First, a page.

These five women from Taiwan are smashing the glass ceiling with their boundary-breaking startups
Taiwan is pioneering the way for gender parity in Asia. Taiwan’s first female president, Tsai Ing-wen, comfortably won re-election in January—and her ascent to the territory’s highest office has had transformative effects on the island’s gender norms.
The margin by which Tsai won—with a landslide 57 percent vote share—demonstrates Taiwan’s willingness to embrace more progressive gender norms compared with some of its neighbours. This is also reflected in the high numbers of female entrepreneurs in Taiwan. Since 2018, the gender gap between female and male entrepreneurs has narrowed considerably, with a reported 53 percent increase in women’s entrepreneurial activity.
Tsai’s role in redressing gender inequality goes beyond that of a figurehead. Her re-election manifesto placed the issue front and centre. Her party’s long-term care plan 2.0, for example, advocates for the government to take a larger role in caring for the elderly, freeing more women to enter the workforce.
Measures such as this have contributed to Taiwan’s ranking as the 6th best market globally for women entrepreneurs, and the best in Asia, according to the Mastercard Index 2019. The report highlights that this is likely due to social norms that “grant women fair opportunities to rise as business leaders, gain tertiary education and to be perceived and accepted as successful entrepreneurs.”
Here are five women entrepreneurs from the Gen.T List who are helping to abolish traditional gender roles in Taiwan.
CC Chang is the co-founder of FunNow, an app that allows users to book entertainment and leisure services at the last minute. Unlike competitors such as Eric Gnock Fah’s Klook, which is aimed predominantly at tourists, FunNow targets locals who want to find something fun to do in their own city. The app gained 600,000 users within three years and tripled its number of user interactions in 2018.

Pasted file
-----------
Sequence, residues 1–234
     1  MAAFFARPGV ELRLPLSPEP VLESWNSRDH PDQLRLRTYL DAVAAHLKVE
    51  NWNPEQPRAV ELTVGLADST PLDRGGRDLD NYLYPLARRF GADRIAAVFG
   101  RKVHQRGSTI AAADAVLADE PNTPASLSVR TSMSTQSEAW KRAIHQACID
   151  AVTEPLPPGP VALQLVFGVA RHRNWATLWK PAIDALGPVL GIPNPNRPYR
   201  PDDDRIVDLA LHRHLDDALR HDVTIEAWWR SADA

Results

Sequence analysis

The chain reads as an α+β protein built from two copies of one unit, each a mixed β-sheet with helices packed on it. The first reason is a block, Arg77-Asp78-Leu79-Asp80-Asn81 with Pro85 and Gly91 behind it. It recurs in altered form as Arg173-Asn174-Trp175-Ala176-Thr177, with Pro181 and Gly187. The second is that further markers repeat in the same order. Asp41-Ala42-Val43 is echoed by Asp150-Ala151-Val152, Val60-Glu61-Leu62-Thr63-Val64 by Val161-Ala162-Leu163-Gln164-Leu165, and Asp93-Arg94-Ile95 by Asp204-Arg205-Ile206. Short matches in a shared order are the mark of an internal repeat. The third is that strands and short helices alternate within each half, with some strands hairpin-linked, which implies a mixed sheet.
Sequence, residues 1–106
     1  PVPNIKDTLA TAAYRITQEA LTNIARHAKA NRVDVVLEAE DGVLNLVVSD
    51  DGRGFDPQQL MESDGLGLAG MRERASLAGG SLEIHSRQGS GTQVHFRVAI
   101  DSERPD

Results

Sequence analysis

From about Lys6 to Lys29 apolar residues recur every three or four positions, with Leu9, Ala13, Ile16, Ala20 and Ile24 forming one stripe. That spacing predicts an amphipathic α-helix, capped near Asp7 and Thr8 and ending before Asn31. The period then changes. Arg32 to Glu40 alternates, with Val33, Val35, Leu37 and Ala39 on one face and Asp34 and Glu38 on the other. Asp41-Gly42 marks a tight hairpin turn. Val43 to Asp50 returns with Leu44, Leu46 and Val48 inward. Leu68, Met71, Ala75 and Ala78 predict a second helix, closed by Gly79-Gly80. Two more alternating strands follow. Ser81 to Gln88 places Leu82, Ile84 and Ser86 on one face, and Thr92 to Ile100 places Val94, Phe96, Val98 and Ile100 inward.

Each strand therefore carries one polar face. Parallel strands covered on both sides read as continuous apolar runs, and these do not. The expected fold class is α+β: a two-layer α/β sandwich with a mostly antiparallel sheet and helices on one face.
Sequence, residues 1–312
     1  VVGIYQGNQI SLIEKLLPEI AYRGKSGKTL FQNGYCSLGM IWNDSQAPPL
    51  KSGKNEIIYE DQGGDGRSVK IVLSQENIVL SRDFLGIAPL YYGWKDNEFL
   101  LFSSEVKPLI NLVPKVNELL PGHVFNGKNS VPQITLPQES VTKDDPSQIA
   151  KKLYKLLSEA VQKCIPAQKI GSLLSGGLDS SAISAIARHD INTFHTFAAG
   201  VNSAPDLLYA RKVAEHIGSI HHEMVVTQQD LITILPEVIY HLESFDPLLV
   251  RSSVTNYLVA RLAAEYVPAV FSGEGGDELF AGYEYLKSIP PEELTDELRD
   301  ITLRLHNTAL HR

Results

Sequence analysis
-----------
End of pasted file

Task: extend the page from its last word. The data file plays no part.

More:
Jennifer Wang helped her father create The Home Hotel with the aim of supporting new cultural and creative industries in Taiwan. The Home Hotel transformed the hospitality scene in Taiwan by allowing guests to learn more about traditional Taiwanese culture. The initiative earned Wang the Emerging Entrepreneur Award for New Cultural Talents at the EY Entrepreneur of the Year awards in 2016, and both Home Hotel locations were listed as recommended hotels in the Michelin Guide Taipei 2018.
After founding Huaxin (Nanjing) Real Estate Development, Janice Chiao expanded her focus to include a new venture, VVG (Very Very Good). A platform of restaurants, cuisine services, boutique shops and living spaces, VVG works to promote “sustainable coexistence”. The startup has since expanded into Mainland China.
Jamie Wei Huang
With celebrities like Lady Gaga and Kelly Rowland wearing her pieces, Jamie Wei Huang has taken the fashion world by storm. The Central Saint Martins graduate’s AW14 collection took the first spot in Elle’s New Talent Award, which she followed up by winning the Vogue Italy International Scout Award with her SS15 collection. Huang is also the first Taiwanese designer to take part in London Fashion Week’s official show, as her eponymous label goes from strength to strength.
In 2010, Michelle Huang founded the New Fortune Group UK to provide customised services for those looking to purchase property in the UK. In 2016, she went on to found the Upper House Club, and has since been involved in several philanthropic initiatives focused on finding cures for rare diseases.